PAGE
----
vertexlist blog is an online extension of vertexList gallery in Williamsburg, Brooklyn. The content is a collective effort of artists and curators working with vertexList. (

Tuesday, November 21, 2006

"Making 8 BIT" in Sienese Shredder

A brand new art/poetry & culture journal Sienese Shredder launched last thursday at the Cue Foundation in Chelsea. The magazine is published/co-edited by my Dartmouth buddy Brice Brown, who is also an accomplished painter and writer. Sienese Shredder is a beautiful, uber-slick, 250 page book with a CD insert, which will be published annualy. The first issue features work by John Ashbery, Miles Champion, Larry Fagin, Trevor Winkfield (who also is the other co-editor), Jane Hammond and, the "darkest man in history", Joris-Karl Huysmans. I can hardly believe I am in it too!
I was invited to write a short story about "8 BIT", the documentary I directed and recently premiered at MoMa. You can find the magazine in Saint Mark's Bookstore, Spoonbill in Wburg and through their website: www.

Cover image by Don Joint

Below is a couple of paragraphs from my original text which didn't make it into the final article but I'd like to archive... may contain pre-editor errors.

I was sipping a leisurely martini at Open Air in East Village with my friend Chris Burke (aka Glomag). Chris has been playing Game Boy in NYC since the beginning of the century, and that particular night, (perhaps under the influence of Bombay Saphire), he was telling me how everybody thought chiptunes were the scene but didn’t do anything about it. “Somebody should make a friggin movie about this stuff, it’s long overdue,” whimpered Chris. Since I too had a few I immediately decided that I shall be the one to make the "friggin movie".
To be completely honest the longest piece of linear video I worked with before was about 5 minutes: I used video clips as part of my generative software pieces and installations, so I had a decent idea how to point the camera, shoot and edit it. Little did I know, that what was conceived that night as a little expose about the New York chiptune scene in would eighteen months later become a feature length piece about so much more then the music and New York.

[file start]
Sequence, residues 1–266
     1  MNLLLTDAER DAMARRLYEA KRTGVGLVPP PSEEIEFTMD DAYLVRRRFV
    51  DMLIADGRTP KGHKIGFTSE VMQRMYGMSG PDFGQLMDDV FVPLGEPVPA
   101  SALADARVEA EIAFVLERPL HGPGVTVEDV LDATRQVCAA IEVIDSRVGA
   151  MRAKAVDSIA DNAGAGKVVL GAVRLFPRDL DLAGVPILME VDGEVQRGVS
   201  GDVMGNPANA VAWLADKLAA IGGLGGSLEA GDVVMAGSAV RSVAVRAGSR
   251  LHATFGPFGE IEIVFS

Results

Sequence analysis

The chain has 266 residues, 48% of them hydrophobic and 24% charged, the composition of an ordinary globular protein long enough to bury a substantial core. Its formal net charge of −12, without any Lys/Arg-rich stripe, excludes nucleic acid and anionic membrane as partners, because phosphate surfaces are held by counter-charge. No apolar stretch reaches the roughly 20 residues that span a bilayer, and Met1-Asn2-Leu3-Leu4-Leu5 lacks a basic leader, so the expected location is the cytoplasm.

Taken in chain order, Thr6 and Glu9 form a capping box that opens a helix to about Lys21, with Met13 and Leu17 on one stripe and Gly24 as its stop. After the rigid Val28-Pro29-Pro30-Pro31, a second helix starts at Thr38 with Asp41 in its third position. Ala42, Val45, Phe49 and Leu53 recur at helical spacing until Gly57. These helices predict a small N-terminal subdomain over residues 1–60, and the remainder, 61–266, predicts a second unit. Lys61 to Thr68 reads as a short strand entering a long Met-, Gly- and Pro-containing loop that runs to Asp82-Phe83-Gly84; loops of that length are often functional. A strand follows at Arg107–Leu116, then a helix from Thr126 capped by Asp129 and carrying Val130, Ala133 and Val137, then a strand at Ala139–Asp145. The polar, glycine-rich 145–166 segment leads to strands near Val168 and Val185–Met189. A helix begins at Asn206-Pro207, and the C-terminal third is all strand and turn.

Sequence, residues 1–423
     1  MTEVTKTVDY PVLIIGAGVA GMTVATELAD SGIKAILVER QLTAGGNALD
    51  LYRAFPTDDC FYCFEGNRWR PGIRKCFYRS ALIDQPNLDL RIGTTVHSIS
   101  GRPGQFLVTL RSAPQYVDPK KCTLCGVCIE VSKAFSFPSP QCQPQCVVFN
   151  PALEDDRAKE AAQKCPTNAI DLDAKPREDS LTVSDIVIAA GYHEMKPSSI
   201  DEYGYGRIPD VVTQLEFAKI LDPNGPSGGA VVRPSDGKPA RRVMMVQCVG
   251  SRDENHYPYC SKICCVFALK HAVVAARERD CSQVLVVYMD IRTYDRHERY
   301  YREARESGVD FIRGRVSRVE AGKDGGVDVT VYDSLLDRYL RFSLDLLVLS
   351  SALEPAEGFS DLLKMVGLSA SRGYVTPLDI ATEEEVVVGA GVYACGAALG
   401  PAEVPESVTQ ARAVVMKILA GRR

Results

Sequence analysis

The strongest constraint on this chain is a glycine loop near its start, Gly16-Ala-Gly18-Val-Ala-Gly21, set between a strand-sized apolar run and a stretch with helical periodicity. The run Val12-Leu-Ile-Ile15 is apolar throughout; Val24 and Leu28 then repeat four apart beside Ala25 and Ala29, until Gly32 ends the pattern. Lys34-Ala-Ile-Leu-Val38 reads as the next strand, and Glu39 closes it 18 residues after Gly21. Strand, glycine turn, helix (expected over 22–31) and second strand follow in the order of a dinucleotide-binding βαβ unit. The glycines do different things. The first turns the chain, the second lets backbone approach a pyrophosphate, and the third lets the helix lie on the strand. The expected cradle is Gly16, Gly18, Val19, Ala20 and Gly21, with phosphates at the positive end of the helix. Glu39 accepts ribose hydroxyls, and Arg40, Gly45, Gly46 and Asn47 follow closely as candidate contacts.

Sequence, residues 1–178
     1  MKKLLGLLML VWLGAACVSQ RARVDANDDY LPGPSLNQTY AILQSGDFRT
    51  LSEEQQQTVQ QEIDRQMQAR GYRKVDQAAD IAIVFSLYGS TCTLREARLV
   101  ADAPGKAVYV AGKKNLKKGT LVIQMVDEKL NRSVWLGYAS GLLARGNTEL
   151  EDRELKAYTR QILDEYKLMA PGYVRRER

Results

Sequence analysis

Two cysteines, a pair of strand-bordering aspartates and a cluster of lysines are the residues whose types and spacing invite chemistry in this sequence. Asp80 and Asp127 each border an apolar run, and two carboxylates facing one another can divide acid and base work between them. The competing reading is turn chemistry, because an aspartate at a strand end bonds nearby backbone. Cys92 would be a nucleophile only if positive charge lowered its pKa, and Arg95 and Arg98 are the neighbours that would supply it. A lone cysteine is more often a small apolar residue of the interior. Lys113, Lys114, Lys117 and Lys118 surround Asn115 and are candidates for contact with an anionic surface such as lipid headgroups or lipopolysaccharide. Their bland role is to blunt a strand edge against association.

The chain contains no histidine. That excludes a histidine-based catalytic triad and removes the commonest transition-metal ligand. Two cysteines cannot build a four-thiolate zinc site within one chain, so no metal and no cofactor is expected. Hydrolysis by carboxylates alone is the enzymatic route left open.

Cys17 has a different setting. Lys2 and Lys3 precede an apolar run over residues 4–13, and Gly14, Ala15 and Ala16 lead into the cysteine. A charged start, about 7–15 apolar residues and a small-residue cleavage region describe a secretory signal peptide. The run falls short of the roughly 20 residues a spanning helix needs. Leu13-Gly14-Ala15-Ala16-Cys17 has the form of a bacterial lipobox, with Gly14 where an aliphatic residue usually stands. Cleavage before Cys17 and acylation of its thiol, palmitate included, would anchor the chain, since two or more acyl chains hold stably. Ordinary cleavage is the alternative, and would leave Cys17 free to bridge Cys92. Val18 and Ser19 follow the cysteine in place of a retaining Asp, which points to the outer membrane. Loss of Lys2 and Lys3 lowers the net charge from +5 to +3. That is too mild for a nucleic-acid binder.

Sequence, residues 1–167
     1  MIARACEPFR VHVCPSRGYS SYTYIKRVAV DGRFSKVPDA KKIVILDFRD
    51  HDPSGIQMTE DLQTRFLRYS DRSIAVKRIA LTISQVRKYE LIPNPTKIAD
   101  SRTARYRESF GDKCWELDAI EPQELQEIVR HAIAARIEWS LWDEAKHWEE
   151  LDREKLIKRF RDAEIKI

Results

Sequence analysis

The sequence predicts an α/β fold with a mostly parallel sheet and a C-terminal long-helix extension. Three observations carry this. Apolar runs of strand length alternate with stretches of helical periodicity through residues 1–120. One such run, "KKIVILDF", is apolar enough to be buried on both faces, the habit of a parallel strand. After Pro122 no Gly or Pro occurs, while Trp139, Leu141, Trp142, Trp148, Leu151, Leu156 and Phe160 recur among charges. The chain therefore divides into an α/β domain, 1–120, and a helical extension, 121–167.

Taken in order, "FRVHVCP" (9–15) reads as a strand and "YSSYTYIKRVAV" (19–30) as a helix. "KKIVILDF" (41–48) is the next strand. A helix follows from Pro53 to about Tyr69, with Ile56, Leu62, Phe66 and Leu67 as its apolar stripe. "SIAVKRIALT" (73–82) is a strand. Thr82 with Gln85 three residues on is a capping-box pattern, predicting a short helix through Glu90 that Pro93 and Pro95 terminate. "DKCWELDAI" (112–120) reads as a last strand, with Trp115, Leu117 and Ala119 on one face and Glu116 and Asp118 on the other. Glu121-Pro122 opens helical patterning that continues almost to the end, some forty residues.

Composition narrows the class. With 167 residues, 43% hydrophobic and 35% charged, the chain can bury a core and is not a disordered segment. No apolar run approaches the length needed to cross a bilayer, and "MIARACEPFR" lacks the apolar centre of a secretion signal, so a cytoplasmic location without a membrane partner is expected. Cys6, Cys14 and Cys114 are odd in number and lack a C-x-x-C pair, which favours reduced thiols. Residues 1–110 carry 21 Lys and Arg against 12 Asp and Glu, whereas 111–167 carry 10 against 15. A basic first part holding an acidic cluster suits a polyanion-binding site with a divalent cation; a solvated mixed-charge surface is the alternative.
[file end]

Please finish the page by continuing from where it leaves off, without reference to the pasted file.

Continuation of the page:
Of course nobody took my claims seriously, as I am known to colorize my statements under the influence of alcohol. Somehow this time I was firm in my intentions. I thought that the phenomenon was genuinely exciting, unique and lets face it: I was really digging the music. So I sat down with a piece of paper and started putting together thoughts, names, ideas. Very soon I realized that Game Boy music was so exotic to an average viewer that just showing guys playing music without explaining it wouldn’t do much good. I had to go deeper; get into cracking games, the demo scene, original chiptunes, and many other things, which I didn’t even anticipate. I figured one discovery would lead to another, and eventually I would get to the core of it all. I also realized that the scope of the project has outgrown me; I needed a good producer who would be into the material as much as me.
A couple of weeks later, with a loose concept of my documentary, I approached Justin Strawhand, the CEO of Mutationengine production company in Jersey City. I knew Justin from NJCU where I teach digital media. I liked his work and was confident that if anyone could handle this project technically and deal with my lack of focus that would probably be Justin. We tossed the idea around; finally I came up with a somewhat more conclusive timeline concept, where the content was organized around several semi-independent chapters. I decided to start interviewing people from my list and let the meaning slowly define itself. The final topic of the project was music and art influenced by video games, far beyond the original idea from Open Air. Suddenly visual arts became as much a part of the equation as music, which was only a natural progression: demos were both visual and sound pieces.

So check out Sienese-Shredder, it is plenty of reading; and I promise it is all better than mine:)

I also thought I would include a picture of Brice Brown from college, just to remind (and embarrass) him about the old good times before Chelsea, when he wore Kmart and our band Red Van rocked Phi Delta.. Cheers!


At 11:03 AM, Anonymous Anonymous said...

wow, he sure is a hot piece of ass, then and now.


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